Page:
The Israeli Ambassador Michael Oren arranged for a political Iftar Dinner where he invited Muslim leaders. Nonetheless, Imam Antepli of the Duke University was doubtful whether it was even significant or not. Meanwhile, the Obama administration invited Muslim leaders for an Iftar Dinner to the White House while the Islamic studies professor of University of North Carolina, Omid Saifi, called to boycott it.
It’s evident that we, the American Muslims, are in an uphill battle to recognize the correct posture. If you proscribe, you simply split a diplomatic knot but again, if you attend, you are considered the opponent’s supporter.
Whilst I empathize the claims of Professor Saifi, the Obama administration should stop countrywide religious and racial profiling, discharge Guantanamo Bay prisoners and discard overseas drone assaults. However, I knew the boycott will go up in smoke generating societal media wave.
Alternatively, distasteful cartoons of Prophet Muhammad (pbuh) were printed in a Danish newspaper. The reaction was to boycott Danish products. Even, Iran’s largest mobile phone company, Irancell, had to sink deep in the trouble of boycott since it sent a religiously hateful text message. Israeli dates were sold at American Muslim stores during the holy month of Ramazan and what was the response? It seems like anybody’s guess that it faced boycott. However, those dates are still sold; Irancell is nonetheless in trade while Muslims eat Danish cookies.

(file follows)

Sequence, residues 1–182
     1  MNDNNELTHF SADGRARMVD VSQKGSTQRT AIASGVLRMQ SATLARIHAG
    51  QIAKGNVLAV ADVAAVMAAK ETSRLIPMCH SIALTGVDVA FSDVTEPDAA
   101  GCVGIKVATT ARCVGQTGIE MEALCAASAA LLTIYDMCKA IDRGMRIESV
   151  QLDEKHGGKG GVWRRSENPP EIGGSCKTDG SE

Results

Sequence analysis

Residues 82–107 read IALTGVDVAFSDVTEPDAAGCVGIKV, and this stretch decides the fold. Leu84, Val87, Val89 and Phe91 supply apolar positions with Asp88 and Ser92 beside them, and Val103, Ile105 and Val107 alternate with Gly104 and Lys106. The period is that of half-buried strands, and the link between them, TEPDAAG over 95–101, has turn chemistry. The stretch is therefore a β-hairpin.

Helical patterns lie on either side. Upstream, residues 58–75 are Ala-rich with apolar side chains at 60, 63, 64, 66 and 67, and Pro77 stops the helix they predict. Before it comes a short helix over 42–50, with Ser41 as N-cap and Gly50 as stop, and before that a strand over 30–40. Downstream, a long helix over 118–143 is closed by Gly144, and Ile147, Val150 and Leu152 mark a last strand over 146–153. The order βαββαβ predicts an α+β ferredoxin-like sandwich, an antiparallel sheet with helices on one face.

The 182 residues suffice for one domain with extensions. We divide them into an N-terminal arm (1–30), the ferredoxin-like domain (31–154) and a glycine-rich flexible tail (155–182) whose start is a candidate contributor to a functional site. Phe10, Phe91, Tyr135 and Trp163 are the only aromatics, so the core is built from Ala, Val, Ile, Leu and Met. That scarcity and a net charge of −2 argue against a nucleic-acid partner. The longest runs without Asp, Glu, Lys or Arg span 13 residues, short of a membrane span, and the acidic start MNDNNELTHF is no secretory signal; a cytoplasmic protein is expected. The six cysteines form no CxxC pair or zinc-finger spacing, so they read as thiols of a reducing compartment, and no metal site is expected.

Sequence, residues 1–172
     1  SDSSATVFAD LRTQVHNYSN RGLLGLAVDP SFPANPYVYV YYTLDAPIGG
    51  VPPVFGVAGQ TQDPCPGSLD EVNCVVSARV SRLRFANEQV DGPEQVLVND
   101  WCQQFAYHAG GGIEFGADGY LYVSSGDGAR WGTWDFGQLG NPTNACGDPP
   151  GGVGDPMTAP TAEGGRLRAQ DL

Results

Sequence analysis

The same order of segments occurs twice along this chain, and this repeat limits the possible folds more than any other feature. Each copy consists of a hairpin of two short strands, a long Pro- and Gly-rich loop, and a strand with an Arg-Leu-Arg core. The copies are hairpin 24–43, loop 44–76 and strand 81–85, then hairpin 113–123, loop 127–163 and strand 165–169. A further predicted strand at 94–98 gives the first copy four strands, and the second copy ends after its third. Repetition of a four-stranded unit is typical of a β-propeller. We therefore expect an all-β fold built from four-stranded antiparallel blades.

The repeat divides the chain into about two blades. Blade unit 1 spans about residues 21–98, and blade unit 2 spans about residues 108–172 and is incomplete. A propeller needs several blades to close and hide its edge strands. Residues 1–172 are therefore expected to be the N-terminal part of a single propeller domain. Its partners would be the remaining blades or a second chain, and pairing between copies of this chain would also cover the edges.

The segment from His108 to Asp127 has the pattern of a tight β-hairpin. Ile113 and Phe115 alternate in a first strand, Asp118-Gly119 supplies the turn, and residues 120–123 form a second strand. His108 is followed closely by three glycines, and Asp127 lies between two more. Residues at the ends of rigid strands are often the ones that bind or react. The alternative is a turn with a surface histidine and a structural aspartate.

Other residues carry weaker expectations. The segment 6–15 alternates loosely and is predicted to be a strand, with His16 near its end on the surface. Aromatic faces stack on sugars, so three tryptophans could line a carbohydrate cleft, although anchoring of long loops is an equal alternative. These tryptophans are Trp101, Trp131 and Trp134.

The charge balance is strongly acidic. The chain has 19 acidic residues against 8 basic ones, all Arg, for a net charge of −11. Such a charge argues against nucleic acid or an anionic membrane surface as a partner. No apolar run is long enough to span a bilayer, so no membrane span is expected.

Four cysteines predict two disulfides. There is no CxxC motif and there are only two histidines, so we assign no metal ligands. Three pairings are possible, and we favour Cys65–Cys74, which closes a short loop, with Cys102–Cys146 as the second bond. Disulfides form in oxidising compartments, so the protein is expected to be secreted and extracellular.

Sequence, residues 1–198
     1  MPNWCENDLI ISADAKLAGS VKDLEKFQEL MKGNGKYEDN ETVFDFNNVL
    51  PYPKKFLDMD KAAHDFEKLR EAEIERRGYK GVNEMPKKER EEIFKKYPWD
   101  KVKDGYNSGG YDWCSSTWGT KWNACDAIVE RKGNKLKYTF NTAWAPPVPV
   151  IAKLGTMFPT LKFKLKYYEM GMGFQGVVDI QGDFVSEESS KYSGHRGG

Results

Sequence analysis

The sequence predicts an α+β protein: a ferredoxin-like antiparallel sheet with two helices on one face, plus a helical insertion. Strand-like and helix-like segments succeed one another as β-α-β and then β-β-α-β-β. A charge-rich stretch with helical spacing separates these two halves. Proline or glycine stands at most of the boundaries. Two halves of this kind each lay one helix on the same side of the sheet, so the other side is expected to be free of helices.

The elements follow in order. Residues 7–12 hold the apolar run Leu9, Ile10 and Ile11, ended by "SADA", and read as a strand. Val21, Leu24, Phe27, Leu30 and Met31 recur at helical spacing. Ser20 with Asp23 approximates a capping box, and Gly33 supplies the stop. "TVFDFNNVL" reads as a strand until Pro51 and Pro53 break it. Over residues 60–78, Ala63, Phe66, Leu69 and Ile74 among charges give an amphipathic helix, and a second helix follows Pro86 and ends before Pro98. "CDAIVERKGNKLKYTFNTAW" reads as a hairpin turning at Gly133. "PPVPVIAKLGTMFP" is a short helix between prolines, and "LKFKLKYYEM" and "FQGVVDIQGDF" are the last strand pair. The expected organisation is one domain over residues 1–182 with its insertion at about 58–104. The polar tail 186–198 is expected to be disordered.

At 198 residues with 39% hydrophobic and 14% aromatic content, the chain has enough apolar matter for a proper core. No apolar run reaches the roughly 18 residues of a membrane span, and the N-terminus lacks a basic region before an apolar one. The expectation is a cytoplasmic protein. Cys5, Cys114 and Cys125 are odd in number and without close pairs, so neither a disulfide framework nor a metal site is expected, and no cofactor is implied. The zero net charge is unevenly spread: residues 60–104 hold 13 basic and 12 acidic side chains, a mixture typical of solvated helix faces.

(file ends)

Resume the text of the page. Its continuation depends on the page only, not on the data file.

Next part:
These boycotts vanished partly because of the Internal Muslim disagreement. We all know the sectarian cracks that loiter underneath the tactful smiles. It comes as no surprise that not only Muslim Congressmen but also four dozen diplomats attended the event on 25th July.
On the contrary, our missing confidence is the bigger reason. To change the anti-Muslim discrimination you have to visit the ‘right’ house, not only the White House. It is the house of God who has forewarned in the Holy Quran, that Allah will change the people’s circumstance only if they amend their hearts.
The Holy Quran emphasizes on ethnics. But who actually desires to hear about it? Self –analysis is lackluster whereas boycotts are ostentatious.
The drone attacks are depraved and should be stopped but where is the urge to boycott the Saudi sponsored madrassahs stimulating dreadful attacks that have claimed tenfold lives of Muslims in contrast to the drones?
We should protest against Pakistani prisoners’ familiar extrajudicial assassination.
There should be a voice of disapproval against US authorities’ religious and racial profiling but who is going to fuss about these?
Claiming the similar rights in the US, which we deliberately flatten upon in the Muslim countries takes away the power of our ethical disagreements. It associates us with the approach we dislike. It allows the White House to fill up the sought after Iftar dinner to its edge regardless the calls for a boycott.
Ramazan is the time for prayers. We should follow Prophet Muhammad (pbuh)’s philosophy and be generous to victims of discrimination of our own backyards.
Although the White House overlooks our claims, the ‘right’ house possibly will give its consent to them.
View the Original article